etc(mapterm_rec, [F|As], _, meta:G, P, P):- var(F), !,
	complete_args(mapterm_rec, [F|As], G).
etc(mapterm_rec, [F|As], M, G, P, Q):-
   	expand_arg(F, M, F0, P, P0),
	term_variables(F0, Vs),
		mrec(Vs, [	Entry	= pred(( [A, B]:-
										functor(A, Fa, Na),
										functor(B, Fa, Na),
										call(Mapterm_rec, Na, A, B))),
					Mapterm_rec = pred( ([0, _, _]:- !)
							  ([I, A, B]:-
									arg(I, A, Ai),
									arg(I, B, Bi),
									(	call(F, Ai, Bi)-> true
									;	atomic(Ai) -> Bi = Ai
									;	call(Entry, Ai, Bi)
									J is I - 1,
									call(Mapterm_rec, J, A, B)))
				M, G0, P0, Q),
	complete_args(G0, As, G).

That is surely the case. In part this may not be so bad as people have different preferences. As I argued before and you seem to start appreciating, I think library(apply_macros) was a bad idea. Or, maybe more polite (I didn’t invent it, it came to SWI-Prolog via YAP), an intermediate solution. The final solution should be partial evaluation/inlining or (possibly) a faster alternative to call/N.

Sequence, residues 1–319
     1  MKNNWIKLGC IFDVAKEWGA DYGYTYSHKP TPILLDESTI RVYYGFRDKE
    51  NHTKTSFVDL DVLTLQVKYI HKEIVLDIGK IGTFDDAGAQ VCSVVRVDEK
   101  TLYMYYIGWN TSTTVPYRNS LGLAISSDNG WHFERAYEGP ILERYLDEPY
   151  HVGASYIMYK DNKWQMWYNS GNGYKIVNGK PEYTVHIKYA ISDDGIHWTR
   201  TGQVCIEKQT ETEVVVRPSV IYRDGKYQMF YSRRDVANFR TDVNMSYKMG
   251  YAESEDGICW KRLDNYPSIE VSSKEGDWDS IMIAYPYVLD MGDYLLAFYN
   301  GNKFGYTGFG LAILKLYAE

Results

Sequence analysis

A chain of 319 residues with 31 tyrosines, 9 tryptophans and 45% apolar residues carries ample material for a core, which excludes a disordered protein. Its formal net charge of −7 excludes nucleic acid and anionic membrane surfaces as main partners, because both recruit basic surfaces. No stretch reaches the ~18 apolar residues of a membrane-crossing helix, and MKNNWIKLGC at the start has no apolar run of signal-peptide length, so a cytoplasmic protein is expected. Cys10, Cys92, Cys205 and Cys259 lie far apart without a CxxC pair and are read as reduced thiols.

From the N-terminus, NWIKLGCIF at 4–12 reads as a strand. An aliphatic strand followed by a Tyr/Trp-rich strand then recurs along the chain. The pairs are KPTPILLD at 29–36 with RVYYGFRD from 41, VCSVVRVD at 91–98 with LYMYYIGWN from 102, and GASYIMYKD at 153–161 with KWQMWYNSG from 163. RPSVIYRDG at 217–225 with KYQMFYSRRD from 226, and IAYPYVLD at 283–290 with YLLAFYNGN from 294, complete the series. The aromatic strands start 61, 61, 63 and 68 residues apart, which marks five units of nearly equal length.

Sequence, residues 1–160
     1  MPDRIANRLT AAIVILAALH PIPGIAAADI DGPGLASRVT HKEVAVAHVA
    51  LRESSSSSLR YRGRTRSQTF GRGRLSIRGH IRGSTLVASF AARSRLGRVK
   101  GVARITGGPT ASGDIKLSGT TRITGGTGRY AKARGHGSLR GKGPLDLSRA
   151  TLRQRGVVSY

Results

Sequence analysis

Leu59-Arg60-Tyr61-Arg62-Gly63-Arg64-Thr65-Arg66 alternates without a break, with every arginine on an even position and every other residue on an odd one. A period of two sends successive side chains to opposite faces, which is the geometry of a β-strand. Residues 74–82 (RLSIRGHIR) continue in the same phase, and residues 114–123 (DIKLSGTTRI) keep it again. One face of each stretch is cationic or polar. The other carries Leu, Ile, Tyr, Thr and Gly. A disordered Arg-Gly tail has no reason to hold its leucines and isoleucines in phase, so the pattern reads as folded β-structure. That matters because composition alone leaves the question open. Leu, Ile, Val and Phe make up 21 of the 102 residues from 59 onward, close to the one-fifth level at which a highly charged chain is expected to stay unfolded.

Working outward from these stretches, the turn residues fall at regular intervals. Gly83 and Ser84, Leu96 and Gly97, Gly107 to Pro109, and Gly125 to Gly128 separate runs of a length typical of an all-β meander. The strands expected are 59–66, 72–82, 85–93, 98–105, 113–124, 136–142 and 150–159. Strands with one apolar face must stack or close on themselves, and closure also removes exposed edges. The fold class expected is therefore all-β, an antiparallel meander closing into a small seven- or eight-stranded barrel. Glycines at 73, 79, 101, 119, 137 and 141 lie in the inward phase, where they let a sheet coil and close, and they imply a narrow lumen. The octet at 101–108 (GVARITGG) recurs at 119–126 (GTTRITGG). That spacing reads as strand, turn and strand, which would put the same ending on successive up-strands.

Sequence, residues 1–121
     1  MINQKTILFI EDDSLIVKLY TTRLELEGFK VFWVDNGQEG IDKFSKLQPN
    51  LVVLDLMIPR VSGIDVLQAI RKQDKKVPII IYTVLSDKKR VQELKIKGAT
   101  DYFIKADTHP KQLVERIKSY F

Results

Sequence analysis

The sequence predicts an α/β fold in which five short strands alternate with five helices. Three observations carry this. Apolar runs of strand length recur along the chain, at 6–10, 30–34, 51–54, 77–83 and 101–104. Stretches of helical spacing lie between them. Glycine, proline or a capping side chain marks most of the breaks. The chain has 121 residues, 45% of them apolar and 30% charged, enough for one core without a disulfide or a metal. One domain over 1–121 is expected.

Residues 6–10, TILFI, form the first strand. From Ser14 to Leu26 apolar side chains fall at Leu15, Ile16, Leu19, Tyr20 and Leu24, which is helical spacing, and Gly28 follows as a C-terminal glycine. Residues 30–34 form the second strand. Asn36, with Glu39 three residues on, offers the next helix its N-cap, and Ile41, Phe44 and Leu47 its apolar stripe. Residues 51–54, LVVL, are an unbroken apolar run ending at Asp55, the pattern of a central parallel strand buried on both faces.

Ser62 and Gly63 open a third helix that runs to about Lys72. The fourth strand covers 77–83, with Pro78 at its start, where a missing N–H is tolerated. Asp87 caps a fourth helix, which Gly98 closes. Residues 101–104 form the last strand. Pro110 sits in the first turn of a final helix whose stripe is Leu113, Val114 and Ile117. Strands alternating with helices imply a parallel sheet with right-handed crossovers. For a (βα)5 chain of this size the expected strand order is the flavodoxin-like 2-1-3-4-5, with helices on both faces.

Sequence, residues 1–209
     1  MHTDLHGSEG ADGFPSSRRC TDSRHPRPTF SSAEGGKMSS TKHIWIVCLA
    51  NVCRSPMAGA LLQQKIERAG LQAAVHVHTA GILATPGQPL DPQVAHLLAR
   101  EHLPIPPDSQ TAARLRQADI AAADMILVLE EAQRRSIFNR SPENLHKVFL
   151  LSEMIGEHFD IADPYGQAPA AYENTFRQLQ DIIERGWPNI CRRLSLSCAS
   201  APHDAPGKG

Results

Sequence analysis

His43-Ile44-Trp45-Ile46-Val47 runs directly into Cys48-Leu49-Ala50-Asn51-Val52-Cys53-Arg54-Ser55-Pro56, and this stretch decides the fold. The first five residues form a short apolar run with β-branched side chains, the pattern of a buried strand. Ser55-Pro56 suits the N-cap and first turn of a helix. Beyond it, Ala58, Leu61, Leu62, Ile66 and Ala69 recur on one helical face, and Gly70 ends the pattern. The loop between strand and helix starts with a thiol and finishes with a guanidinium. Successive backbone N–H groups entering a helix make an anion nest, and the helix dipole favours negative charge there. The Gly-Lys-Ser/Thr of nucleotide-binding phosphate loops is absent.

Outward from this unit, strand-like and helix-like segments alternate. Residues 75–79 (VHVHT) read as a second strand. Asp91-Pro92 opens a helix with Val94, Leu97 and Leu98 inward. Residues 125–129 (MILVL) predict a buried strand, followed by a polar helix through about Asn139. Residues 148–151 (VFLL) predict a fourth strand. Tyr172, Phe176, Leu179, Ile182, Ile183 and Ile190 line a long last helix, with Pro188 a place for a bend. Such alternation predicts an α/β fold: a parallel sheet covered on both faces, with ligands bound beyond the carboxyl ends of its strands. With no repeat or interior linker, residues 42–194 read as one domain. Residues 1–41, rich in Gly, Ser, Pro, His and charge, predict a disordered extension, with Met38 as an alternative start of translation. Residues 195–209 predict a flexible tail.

For the latter, consider.

 maplist(plus(3), [1,2,3], X).

This results in call(user:plus(3), I, O). This requires call/3 to find plus/1, add 2 to get at plus/3, lookup the functor, find the module user and the predicate user:plus/3. That means 3 hash lookups. Now we can create the environment frame and run it.